Then we were also not far, because now we went through the very dear place Aberfeldy with its restored cinema from the 1930s in the Centre.
The A826 and A822 went then quickly South through beautiful countryside to Crieff and Drummond Castle. The castle itself is not to visit, but a famous formal garden that is reminiscent of Versailles. The most impressive were the 2 km-long tree-lined Avenue as access (sensational) and the castle in the most beautiful sunlight against the blue sky. The garden was great to see from above.
The trappings now greatly changed the landscape and is very slightly hilly and lovely, actually like southern England.
On the A85 went directly to Perth in the quarter. The city of Perth (pedestrian zone) had died completely. Our evening meal in the lovely Bothy was for lush: Cullen skink and haggis and scallops and a kind of pulled pork as beef Wellington.
Northeast of Edinburgh
A very good breakfast, a nice chat with our hosts and the Sun seem right – so the day begins. We leave Perth and adhere to the East.
First goal of the day is St. Andrews, that we drive on country roads. On the way there, we stop in Cupar, which is a not unnettes shopping town. Here, we wanted to get a tick tweezers, because which one has captured a little “friend” of us. The Pharmacy has so what, because you don’t need (!) it and wants to leave also no disinfectant. The Ironmonger has also no appropriate tools, we have a tick tweezers for dogs in the pet products business. Better than nothing! The immediate use is successful (also because the tick when touching away on its own).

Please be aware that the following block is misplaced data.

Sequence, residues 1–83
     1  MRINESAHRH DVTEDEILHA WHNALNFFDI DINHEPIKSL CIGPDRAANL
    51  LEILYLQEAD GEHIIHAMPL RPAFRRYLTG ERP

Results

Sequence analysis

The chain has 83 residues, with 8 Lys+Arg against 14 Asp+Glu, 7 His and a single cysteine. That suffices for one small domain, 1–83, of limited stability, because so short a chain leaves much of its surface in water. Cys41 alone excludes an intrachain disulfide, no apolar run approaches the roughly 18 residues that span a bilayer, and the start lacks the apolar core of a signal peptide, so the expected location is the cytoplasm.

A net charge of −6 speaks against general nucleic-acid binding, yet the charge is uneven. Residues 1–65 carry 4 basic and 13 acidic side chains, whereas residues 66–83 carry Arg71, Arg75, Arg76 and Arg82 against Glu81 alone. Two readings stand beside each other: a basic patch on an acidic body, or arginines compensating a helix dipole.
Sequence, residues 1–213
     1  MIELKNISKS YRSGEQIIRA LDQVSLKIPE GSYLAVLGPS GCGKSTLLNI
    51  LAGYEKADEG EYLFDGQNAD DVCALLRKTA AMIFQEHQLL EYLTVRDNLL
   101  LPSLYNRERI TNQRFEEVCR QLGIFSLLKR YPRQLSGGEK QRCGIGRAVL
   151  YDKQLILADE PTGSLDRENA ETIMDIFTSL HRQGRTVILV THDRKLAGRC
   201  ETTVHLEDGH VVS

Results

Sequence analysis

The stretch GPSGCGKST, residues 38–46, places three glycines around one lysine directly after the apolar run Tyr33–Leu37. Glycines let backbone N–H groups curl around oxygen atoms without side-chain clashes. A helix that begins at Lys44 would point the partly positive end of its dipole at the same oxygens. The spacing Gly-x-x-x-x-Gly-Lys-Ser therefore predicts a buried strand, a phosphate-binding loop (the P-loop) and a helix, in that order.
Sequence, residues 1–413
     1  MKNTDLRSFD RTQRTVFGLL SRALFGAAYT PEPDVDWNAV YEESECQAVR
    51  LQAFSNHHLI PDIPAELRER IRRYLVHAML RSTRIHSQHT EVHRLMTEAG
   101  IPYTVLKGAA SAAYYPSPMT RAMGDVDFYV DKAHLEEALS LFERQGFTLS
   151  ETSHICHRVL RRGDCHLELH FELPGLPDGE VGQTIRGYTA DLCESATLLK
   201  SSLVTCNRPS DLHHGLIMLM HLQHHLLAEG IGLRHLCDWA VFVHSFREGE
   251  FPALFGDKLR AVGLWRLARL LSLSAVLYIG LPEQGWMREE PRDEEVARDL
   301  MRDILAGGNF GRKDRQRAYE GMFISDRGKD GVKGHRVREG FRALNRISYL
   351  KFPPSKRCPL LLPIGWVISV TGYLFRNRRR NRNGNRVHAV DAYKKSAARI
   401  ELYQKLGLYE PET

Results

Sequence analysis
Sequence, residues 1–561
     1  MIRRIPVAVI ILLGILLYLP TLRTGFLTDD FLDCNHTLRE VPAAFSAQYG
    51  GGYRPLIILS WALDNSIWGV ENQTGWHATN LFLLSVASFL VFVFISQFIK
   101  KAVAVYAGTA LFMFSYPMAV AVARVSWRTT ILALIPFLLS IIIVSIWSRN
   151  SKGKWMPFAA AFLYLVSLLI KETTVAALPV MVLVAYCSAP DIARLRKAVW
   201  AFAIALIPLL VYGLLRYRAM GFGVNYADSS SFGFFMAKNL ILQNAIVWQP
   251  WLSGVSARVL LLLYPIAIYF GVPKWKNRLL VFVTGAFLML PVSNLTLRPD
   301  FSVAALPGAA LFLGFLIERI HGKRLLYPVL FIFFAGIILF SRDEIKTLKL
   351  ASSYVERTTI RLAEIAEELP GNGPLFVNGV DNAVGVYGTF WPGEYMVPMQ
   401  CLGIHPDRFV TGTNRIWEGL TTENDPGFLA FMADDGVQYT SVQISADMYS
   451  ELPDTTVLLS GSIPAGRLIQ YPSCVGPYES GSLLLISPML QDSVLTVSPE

Finally arrived at St Andrews we are greatly excited. A super lovely university town (here Kate and Prince William met while studying!), a very small little with their uni Campi Oxford remembered – but of course much less sophisticated. The remains of Castle and Cathedral are picturesque seaside and in the middle of the great main shopping street has just flair. It is well what’s going on, but not full, and certainly not hectic. It sits on the road, enjoying the sunshine – all super relaxed. This beautiful building, the city is worth a second visit in any case.
Previously we had today from the landscape that should feel, more likely to be in southern England than in Scotland, and this feeling is still strengthening. For now, we have visited the four small fishing villages, very close to each other that are and can be hardly different:
Crail is totally sleepy, we parked in a nice Avenue and are down to the harbour. Surprisingly (well, kinda does) there is local, and the port is tiny. But super nice of the houses (mainly stone houses) here! At a small stall, there’s fresh sea food and we get a lobster roll (double price of the crab roll, but the taste is really better), which we then eat in the Sun on the quay wall.